But whether this is really so depends on another question that I don’t know the answer to.  When judging what ideological resources you need, do you only count what you need to describe what there is, or do you need ideology enough to describe the ways things could have been?  For Lewis of course, there’s no difference: what there is includes all that there could have been.  But what about for those of us who think that how things are as a whole could have been different?  Does the mereological nihilist who thinks there could have been composite objects but there just happen not to be get to claim an ideological advantage over the universalist, or does one need to reject the very possibility of composition to claim such an advantage?

Parity with ontological parsimony suggests that you should only count the ideology you need to describe things as they are.  After all, no one would think that it is a sin against ontological parsimony to think that there could have been immaterial minds; it’s only believing in them that counts against ontological parsimony.  In which case, why should the possibility of having to describe things using some mereological notion matter: it only matters whether describing things as they are requires such notions.

Nonetheless, I can’t shake the feeling that ideological parsimony is different from ontological parsimony in this respect.  That the contingent mereological nihilist is at no advantage over the universalist, only the necessitarian nihilist.  After all, a theory of reality is not complete without a description of how things could have been: so your fundamental theory of reality will have to talk about what could have occurred but doesn’t – and so if there could have been complex objects, you will need to invoke mereological notions to describe that possibility.  So you can’t completely eschew speaking mereologically: your fundamental theory will still need its mereological primitives, even if it only ever uses them within the scope of a modal operator.  I find it intuitive that in that case you still incur the ideological cost: you still have to see reality in mereological terms, even if just to say that actuality is mereologically less complex than it could have been.  To really not have anything to do with the ideology of mereology you must not need to resort to it at any point in your description of reality – whether of how things are or how they could be – you must be a necessitarian nihilist.  (I’m assuming here that how things could be really is a part of the theory of reality.  If you were an expressivist or other kind of anti-realist about the modal I suppose you would deny this.  But since those views are false . . .)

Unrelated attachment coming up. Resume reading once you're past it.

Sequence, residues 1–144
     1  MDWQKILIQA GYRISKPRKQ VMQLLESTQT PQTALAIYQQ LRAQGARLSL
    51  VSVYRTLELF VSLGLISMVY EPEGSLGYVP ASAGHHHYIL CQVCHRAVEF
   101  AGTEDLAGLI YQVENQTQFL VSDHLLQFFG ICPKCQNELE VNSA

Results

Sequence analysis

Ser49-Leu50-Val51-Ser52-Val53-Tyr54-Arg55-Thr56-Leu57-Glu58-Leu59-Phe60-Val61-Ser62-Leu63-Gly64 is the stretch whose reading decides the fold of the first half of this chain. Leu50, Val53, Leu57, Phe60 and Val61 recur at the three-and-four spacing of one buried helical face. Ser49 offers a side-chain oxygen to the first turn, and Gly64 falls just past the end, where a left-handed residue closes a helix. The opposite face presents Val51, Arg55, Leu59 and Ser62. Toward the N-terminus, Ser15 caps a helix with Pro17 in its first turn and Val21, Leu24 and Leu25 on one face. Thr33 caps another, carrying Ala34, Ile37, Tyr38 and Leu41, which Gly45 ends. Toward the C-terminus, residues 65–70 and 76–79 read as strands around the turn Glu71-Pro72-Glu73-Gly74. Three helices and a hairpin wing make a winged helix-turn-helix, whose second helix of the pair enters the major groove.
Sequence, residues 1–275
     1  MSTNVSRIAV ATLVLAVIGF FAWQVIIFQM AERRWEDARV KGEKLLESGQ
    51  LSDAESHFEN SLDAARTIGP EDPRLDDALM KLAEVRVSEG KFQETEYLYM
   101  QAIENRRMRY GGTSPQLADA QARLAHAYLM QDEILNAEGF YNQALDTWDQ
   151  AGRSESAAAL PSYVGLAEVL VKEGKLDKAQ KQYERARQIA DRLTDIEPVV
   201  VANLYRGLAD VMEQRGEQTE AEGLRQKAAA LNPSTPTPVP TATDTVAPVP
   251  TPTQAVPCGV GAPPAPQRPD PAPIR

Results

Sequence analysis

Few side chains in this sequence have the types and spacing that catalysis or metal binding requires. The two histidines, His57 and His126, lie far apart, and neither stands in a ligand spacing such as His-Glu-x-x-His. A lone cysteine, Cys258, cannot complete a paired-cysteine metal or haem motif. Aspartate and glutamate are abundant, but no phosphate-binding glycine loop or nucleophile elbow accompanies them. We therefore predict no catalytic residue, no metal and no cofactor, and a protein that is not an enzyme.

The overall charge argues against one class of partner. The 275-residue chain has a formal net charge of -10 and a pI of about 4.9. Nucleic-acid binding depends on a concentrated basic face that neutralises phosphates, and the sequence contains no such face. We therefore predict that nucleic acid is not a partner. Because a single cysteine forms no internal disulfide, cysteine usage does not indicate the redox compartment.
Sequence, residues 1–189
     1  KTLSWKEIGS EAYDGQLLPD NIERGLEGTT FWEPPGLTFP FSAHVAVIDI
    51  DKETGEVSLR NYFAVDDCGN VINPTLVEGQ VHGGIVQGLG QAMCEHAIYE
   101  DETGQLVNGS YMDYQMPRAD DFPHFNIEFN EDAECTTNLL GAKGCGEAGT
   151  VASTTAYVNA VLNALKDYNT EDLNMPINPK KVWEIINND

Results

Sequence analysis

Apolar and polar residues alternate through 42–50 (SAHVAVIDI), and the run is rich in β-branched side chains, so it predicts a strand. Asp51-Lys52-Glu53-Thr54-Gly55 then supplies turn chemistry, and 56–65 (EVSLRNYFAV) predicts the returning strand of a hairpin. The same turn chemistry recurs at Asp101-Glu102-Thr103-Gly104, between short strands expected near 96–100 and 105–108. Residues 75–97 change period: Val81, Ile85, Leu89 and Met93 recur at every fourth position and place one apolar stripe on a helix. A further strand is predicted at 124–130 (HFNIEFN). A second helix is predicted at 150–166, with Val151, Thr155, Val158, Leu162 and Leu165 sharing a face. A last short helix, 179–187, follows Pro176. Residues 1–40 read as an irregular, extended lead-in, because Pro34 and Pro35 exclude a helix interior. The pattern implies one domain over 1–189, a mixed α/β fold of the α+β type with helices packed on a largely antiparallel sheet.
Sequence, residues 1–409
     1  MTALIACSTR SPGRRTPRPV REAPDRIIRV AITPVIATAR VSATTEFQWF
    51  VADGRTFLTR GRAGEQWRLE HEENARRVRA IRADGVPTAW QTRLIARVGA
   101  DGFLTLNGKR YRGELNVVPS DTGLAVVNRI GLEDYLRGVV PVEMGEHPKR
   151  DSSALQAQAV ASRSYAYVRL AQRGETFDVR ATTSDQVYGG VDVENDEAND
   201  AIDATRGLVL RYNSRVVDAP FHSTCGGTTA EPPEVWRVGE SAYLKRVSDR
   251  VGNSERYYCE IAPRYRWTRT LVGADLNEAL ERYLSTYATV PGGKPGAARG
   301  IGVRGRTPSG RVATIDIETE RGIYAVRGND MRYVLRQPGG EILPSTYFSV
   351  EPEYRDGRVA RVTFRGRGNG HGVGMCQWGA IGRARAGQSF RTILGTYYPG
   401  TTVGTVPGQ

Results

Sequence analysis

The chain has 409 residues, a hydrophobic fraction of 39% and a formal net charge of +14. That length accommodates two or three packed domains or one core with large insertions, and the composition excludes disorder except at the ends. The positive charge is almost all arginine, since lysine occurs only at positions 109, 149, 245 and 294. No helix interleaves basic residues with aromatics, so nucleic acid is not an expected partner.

If that is right, then things start to look better for Lewis.  In believing in possibilia, Lewis just thinks that the story of how things are and could be is the story of how things are unrestrictedly: so for him, the ideology needed to describe how things are, simpliciter, is the ideology required to describe how things actually are and how they could have been.  But if we were committed anyway to the ideological resources needed to describe both reality and the possible ways reality could be, this won’t be an ideological expansion, and Lewis won’t be sinning against ideological parsimony – hence against qualitative parsimony – after all.

Friday, August 17, 2012

Temporary Job at Leeds

Leeds is advertising a 12 month lecturership starting mid September.  You must have some experience in teaching formal logic.  Note the very tight deadline: applications must be in by Aug 30th.

Saturday, June 16, 2012

Changing Truthmakers

I've posted a new paper, 'Changing Truthmakers'.  It's a reply to a paper by Jonathan Tallant and David Ingram, which is in turn a reply to my 'Truthmaking for Presentists'.

It's about how we can stop truthmakers for tensed truths changing, so as to ensure the validity of theorems of tense logic like 'If it's now the case that p, it always will be the case that it was the case that p'.  And I get to talk a bit about hypertime, which is always cool!

Sunday, June 10, 2012

The Time-Travelling Trinitarian God

After having too much caffeine I started thinking about the metaphysics of the Trinity, for no immediately obvious reason.  The following is crazy, but maybe kinda fun too?  Well, here goes nothing . . .